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The Rise and Fall of the Latvian National Communists


William D. Prigge

The 1959 purge of the Latvian national communists has long been cast in black-and-white terms: Russification and resistance; victimizers and victims. Conventional wisdom holds that Nikita Khrushchev was behind the purge. After all, he was the Soviet premier; he stopped in Riga just a few weeks before; even the leading victim of the purge, Eduards Berklavs, labeled Khrushchev the culprit. For the first time, William D. Prigge’s penetrating analysis challenges this view and untangles the intricacies of Soviet center-periphery relations like a political thriller. With each new chapter, a truer understanding of events comes into sharper focus – more complex and fascinating than could ever be imagined. Ultimately, the reverberations are felt all the way to the Kremlin and weaken what Khrushchev thought was his own firm footing. For the student of Soviet and Latvian history alike, this volume provides more than just the story of a purge – it is a unique snapshot into the political machinations of the Soviet Union and one of its republics.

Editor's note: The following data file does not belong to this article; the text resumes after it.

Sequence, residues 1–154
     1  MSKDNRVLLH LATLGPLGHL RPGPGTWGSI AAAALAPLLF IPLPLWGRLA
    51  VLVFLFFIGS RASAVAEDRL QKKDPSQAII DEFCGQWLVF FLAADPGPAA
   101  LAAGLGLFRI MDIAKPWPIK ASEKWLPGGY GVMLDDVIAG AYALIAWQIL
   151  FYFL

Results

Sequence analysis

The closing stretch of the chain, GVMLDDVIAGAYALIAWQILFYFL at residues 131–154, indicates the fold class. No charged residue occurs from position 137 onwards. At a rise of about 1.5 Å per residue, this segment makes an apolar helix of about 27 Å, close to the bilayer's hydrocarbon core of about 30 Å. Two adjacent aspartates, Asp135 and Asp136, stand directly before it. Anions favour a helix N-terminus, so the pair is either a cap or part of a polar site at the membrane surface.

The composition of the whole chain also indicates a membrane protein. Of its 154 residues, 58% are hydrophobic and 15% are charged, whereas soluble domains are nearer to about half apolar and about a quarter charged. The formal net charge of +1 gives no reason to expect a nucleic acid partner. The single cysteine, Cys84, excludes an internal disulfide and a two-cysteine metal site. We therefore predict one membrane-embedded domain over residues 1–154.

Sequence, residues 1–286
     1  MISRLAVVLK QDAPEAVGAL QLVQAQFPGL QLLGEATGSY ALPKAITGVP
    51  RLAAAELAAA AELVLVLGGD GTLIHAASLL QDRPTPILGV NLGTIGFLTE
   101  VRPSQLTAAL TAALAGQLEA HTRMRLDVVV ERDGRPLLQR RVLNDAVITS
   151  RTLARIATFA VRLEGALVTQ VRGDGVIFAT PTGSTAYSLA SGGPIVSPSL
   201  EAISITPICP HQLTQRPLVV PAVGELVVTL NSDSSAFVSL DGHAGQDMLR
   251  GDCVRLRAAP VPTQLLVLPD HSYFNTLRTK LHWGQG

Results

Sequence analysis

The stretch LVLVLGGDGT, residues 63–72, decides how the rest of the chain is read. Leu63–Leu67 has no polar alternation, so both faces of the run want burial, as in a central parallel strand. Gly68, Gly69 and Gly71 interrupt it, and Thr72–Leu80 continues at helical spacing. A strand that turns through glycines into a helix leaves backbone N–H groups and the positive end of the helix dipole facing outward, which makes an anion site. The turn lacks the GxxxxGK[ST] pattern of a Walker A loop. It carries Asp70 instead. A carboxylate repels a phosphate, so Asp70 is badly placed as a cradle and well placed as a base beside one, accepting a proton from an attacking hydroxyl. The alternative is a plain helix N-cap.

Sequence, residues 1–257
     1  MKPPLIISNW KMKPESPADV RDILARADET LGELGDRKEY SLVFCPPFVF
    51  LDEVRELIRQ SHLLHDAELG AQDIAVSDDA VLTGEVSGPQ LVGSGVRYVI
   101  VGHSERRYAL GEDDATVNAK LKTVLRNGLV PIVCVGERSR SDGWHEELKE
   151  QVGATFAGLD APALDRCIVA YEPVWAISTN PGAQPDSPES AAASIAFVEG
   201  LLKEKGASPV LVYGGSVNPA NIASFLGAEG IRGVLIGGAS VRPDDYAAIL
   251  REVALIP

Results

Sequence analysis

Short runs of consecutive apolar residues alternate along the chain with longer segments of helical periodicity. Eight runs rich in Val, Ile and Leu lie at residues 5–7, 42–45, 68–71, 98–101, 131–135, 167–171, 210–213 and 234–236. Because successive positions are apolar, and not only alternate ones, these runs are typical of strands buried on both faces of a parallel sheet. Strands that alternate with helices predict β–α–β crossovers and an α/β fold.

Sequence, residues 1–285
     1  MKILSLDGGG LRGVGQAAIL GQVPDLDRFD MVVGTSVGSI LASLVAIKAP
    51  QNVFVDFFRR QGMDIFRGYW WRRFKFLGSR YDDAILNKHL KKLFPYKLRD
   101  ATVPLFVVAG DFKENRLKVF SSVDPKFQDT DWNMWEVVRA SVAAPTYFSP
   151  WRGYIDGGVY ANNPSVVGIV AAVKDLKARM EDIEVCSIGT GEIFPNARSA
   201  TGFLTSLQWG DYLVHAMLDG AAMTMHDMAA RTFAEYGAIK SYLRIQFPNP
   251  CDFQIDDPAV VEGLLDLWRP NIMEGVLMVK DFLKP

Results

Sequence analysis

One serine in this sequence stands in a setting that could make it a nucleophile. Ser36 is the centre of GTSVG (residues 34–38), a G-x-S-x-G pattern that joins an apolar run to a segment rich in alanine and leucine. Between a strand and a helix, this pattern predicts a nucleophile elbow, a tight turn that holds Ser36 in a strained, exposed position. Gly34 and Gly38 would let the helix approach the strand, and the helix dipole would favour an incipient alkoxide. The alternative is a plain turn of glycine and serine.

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SUCH WORKS can never be done without the help of others. I would prefer to keep anonymous the person to whom I owe the greatest debt of gratitude. Because of this book’s sensitive nature, I do not want to do anything to cause this man embarrassment within the Latvian community, but you know who you are. As my professor, mentor and friend, I know how much you care for your country and its history is not a light matter. Even if you may not agree with some of the conclusions, I want you to know that I sought to give an account as fair, honest and even-handed as the evidence would allow. I wanted to treat the historical actors with dignity, including your good friend, Eduards Berklavs. Thank you for everything and I hope you find this a meaningful contribution to our understanding of the past. I would also like to acknowledge the help of my other key mentor, Dr. Alan Ball, who graciously served as my advisor and sounding board on this project. My work and travel would not have been possible without the financial support of the Fulbright Hays Research Fellowship as well as the family of Cyril E. Smith family of Milwaukee, WI. While I would like to the thank the State Archives of the Russian Federation, the Library of Congress Dmitrii Volkogonov Collection, and the National Library of Latvia, I want to reserve special thanks for the archivists at the Latvian State Archives who...

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